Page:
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10.5.1 Element-by-element Boolean Operators

An element-by-element boolean expression is a combination of comparison expressions using the boolean operators “or” (`|'), “and” (`&'), and “not” (`!'), along with parentheses to control nesting. The truth of the boolean expression is computed by combining the truth values of the corresponding elements of the component expressions. A value is considered to be false if it is zero, and true otherwise.

Element-by-element boolean expressions can be used wherever comparison expressions can be used. They can be used in if and while statements. However, if a matrix value used as the condition in an if or while statement is only true if all of its elements are nonzero.

Like comparison operations, each element of an element-by-element boolean expression also has a numeric value (1 if true, 0 if false) that comes into play if the result of the boolean expression is stored in a variable, or used in arithmetic.

Here are descriptions of the three element-by-element boolean operators.

boolean1 & boolean2
Elements of the result are true if both corresponding elements of boolean1 and boolean2 are true.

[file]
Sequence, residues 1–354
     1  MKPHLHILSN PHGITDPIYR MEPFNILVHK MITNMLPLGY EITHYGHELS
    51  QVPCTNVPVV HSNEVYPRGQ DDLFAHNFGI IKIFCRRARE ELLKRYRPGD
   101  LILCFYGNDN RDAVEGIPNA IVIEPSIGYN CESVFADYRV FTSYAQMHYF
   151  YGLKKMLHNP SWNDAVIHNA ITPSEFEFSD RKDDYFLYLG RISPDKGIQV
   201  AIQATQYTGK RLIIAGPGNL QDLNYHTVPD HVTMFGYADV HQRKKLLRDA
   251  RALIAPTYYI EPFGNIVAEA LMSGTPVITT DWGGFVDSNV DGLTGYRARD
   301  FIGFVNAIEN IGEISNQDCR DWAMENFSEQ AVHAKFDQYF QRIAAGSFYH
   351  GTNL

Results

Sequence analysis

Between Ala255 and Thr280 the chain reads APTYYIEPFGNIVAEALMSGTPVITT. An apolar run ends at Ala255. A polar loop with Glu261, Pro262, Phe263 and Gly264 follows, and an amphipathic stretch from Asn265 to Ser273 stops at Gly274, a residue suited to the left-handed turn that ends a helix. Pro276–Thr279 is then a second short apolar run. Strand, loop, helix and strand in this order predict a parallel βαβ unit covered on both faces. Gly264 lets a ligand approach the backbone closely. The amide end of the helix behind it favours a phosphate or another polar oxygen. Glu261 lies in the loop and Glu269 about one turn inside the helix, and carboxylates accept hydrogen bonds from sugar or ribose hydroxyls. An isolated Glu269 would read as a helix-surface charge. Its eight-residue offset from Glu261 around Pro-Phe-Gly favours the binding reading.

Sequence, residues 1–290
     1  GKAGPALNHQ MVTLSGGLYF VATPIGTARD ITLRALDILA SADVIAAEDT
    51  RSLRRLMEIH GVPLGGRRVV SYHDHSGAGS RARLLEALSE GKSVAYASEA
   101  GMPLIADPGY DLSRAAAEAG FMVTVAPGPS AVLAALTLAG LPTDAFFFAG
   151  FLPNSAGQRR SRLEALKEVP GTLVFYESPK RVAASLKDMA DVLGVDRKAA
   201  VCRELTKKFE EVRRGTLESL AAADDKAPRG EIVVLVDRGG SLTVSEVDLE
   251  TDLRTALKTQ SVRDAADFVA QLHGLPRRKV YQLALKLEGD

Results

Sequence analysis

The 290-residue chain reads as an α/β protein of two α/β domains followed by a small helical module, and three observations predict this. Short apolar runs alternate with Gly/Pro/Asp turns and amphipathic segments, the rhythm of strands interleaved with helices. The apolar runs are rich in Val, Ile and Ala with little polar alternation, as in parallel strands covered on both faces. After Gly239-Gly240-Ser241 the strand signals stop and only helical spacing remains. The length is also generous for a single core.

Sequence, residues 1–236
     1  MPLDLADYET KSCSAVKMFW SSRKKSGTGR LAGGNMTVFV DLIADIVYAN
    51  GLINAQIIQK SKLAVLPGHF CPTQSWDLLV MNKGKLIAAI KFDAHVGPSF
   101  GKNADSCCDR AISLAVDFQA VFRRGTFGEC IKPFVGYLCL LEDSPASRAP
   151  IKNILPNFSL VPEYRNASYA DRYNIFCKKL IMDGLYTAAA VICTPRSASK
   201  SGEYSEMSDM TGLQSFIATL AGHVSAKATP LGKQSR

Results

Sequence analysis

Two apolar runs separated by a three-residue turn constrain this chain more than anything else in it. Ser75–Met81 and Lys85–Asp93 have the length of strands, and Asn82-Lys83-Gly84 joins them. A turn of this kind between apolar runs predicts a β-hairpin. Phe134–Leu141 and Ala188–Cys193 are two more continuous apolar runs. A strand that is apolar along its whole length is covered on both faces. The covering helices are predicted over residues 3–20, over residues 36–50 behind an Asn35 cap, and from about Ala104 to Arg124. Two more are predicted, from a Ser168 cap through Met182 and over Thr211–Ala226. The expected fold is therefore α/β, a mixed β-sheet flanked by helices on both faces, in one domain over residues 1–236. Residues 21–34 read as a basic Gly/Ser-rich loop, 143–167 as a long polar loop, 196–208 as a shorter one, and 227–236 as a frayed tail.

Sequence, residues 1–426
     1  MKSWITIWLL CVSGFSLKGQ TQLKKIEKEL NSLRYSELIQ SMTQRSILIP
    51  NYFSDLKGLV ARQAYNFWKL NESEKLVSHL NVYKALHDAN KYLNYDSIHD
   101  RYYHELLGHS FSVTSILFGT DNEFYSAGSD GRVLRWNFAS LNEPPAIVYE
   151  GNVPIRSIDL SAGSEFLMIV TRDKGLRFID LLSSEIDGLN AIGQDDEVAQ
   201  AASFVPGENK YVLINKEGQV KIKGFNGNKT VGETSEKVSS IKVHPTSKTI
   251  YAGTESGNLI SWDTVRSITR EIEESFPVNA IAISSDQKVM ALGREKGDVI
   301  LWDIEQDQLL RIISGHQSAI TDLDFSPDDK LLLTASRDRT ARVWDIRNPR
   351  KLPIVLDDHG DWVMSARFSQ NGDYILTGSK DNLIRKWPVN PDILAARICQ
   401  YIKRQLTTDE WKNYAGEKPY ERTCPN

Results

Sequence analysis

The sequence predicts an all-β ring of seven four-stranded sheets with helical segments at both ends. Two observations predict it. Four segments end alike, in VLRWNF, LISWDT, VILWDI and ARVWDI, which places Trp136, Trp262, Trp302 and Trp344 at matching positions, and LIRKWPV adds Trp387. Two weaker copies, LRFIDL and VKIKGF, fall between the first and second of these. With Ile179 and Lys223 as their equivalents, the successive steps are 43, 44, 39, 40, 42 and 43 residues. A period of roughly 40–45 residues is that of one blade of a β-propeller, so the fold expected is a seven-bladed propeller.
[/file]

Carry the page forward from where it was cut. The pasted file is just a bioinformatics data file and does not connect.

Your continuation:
boolean1 | boolean2
Elements of the result are true if either of the corresponding elements of boolean1 or boolean2 is true.
! boolean
~ boolean
Each element of the result is true if the corresponding element of boolean is false.

For matrix operands, these operators work on an element-by-element basis. For example, the expression

     [1, 0; 0, 1] & [1, 0; 2, 3]

returns a two by two identity matrix.

For the binary operators, the dimensions of the operands must conform if both are matrices. If one of the operands is a scalar and the other a matrix, the operator is applied to the scalar and each element of the matrix.

For the binary element-by-element boolean operators, both subexpressions boolean1 and boolean2 are evaluated before computing the result. This can make a difference when the expressions have side effects. For example, in the expression

     a & b++

the value of the variable b is incremented even if the variable a is zero.

This behavior is necessary for the boolean operators to work as described for matrix-valued operands.